Thomas R. Edwards (1928–2005) was Professor of English at Rutgers and editor of Raritan. His last book was Over Here: Criticizing America.

IN THE REVIEW

The Awful Truth

Nothing Lost

by John Gregory Dunne
John Gregory Dunne died of a heart attack on December 30, 2003, a very bad year, not least because it brought so many lies to those who care about truth. Politicians, priests, generals, CEOs, journalists, and mere entertainers kept telling whoppers about what they had been doing. Dunne’s first novel …

Unsentimental Education

The Book of Hard Things

by Sue Halpern
Sue Halpern’s remarkable first novel, like many novels, is essentially about education, or that aspect of education called growing up. But the book’s main character must, in effect, grow up all at once, and the story suggests that education happens not because of anything that teachers do but because certain …

After You’ve Gone

A Multitude of Sins

by Richard Ford
A Multitude of Sins, a new collection of short stories, is Richard Ford’s eighth book of fiction, and it prompts some reflections on his literary career. His first two novels were powerful and promising, no less so for the evident literary influences at work in them. Ford has never been …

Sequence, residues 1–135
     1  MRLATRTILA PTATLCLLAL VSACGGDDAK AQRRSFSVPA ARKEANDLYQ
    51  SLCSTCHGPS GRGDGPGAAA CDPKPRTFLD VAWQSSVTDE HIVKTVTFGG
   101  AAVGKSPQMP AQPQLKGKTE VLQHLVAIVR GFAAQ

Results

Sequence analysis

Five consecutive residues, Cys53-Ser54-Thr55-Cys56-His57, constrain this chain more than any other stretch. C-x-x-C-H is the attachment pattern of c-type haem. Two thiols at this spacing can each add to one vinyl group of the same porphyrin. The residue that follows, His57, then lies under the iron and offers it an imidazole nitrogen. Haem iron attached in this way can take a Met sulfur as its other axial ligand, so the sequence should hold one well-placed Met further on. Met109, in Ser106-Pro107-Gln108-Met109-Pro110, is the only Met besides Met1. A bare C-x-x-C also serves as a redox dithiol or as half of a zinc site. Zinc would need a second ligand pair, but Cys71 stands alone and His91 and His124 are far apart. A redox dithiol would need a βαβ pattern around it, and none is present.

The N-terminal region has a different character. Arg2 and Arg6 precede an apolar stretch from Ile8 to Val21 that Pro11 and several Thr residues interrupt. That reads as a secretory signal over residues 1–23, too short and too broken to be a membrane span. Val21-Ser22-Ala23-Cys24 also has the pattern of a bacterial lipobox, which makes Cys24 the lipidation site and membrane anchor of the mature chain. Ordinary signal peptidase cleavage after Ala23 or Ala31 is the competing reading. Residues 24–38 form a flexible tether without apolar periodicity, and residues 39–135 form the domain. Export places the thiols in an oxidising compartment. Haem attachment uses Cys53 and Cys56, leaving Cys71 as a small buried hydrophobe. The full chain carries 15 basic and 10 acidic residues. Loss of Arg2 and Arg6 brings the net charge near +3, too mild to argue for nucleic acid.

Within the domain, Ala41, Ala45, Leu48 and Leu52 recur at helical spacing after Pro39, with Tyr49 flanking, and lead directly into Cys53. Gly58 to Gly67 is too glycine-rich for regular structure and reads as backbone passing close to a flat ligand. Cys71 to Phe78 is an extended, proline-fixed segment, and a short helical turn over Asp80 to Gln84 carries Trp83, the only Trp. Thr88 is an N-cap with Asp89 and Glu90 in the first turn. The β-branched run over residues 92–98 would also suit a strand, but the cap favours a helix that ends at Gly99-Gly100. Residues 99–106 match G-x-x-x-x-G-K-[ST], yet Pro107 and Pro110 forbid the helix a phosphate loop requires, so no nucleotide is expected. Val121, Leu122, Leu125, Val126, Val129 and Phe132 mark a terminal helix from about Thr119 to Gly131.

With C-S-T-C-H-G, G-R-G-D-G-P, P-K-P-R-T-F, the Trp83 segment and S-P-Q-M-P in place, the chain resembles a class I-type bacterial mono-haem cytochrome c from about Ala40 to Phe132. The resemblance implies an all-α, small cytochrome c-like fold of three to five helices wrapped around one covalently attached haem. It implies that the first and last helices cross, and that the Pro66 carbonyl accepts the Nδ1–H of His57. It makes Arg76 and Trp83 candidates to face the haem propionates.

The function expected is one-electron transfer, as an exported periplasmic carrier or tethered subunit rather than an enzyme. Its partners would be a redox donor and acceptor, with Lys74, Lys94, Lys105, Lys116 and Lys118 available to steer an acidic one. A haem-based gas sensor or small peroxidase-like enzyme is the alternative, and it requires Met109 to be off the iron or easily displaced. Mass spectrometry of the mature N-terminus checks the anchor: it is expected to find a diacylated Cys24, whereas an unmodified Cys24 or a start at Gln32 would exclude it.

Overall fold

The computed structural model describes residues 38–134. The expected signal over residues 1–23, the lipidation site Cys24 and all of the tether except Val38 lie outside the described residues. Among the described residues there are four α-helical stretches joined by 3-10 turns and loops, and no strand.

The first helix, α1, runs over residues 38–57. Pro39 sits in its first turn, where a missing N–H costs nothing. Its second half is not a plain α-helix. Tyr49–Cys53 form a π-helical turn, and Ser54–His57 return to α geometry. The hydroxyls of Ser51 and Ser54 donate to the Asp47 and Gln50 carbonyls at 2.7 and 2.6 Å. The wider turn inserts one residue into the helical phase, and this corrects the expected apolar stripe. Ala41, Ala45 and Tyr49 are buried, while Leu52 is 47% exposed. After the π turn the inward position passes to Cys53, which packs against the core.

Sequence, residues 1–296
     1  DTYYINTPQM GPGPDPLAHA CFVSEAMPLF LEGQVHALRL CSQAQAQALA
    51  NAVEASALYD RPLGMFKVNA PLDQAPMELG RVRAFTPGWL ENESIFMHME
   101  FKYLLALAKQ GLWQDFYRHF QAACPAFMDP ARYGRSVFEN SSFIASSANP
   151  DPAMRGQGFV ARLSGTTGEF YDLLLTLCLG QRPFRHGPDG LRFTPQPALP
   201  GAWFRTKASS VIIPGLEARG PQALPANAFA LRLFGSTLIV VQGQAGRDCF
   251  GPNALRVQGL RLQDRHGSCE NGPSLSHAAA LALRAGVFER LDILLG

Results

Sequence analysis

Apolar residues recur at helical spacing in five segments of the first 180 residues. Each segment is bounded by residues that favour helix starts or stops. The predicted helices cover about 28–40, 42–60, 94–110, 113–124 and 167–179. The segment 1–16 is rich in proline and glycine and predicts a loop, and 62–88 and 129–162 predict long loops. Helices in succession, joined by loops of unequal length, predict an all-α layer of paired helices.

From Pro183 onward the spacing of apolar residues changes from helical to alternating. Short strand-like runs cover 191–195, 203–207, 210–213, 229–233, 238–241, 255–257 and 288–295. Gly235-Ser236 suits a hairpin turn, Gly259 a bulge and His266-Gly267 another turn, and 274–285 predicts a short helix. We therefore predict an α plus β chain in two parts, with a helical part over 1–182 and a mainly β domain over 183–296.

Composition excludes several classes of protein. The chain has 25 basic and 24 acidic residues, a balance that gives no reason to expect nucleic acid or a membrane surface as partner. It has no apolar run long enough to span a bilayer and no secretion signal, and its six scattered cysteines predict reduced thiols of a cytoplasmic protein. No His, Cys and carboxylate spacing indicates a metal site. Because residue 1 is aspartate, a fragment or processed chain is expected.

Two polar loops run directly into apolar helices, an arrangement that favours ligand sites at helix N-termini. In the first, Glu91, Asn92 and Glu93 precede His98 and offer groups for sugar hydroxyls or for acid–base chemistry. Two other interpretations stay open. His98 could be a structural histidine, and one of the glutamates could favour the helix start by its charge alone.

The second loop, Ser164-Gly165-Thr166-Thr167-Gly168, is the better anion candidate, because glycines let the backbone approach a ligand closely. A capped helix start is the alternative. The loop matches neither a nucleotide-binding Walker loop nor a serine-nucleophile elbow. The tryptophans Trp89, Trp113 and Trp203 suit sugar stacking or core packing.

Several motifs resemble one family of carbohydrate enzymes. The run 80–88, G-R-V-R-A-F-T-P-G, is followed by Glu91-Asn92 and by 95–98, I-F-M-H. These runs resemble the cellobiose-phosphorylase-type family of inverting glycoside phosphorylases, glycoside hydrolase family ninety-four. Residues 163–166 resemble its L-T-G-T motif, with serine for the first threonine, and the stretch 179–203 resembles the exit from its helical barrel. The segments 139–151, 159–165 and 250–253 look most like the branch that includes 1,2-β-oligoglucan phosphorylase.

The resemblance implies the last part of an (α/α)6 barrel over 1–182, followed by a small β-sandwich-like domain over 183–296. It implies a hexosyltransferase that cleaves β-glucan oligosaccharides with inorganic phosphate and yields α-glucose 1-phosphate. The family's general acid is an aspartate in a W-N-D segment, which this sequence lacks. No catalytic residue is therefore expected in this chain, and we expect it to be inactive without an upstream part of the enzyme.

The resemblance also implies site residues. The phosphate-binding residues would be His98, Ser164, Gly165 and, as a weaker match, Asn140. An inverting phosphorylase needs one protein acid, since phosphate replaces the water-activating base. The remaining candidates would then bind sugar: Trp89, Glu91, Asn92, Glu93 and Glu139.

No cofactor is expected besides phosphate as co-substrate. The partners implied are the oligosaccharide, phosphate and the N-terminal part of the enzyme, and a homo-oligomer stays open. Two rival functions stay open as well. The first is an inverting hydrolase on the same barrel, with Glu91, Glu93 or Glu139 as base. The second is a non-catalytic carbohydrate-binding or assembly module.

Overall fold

The Great Sultan

A Few Corrections

Brad Leithauser
Brad Leithauser’s fascinating new novel looks beyond Detroit, where the author was born, up to the Thumb of Michigan, where, not far from Saginaw and Bay City, fictional towns called Restoration and Stags Harbor slowly dwindle, while their younger citizens flee to livelier and more prosperous scenes. Leithauser has a …

The Gang’s All Here

The Half-life of Happiness

by John Casey
When John Casey’s novel Spartina deservedly won the National Book Award for 1989, it was announced as the first volume of “a long cycle of fiction set in Rhode Island”; but its successor, The Half-life of Happiness, set in Virginia and a very different kind of book, is clearly not …

Pulling Down the Temple

Barney's Version

by Mordecai Richler
“I dislike most people I have ever met,” says the leading character of the latest of Mordecai Richler’s tales about smart, ambitious Jewish-Canadian men at war with their culture. Barney’s Version is wildly comic, but as with most good satire those who make fun of others also mock themselves. Richler’s …

Desperate Characters

Bear and His Daughter: Stories

by Robert Stone
Of the novelists who came into their own in the eventful, scary Sixties, Robert Stone remains one of the most serious and truthful. At first the violent worlds he described may have seemed marginal and extreme, but time would show how close they were to the American grain. Bear and …

It’s a Mad World

The Friends of Freeland

by Brad Leithauser

Mister Sandman

by Barbara Gowdy
In The Friends of Freeland Brad Leithauser suggests something of how the modern world might look from a perspective as disorienting and yet revealing as a polar-projection map is to Mercatorized minds. He proposes an island country where no islands are, between Iceland and Greenland, from which the rest of …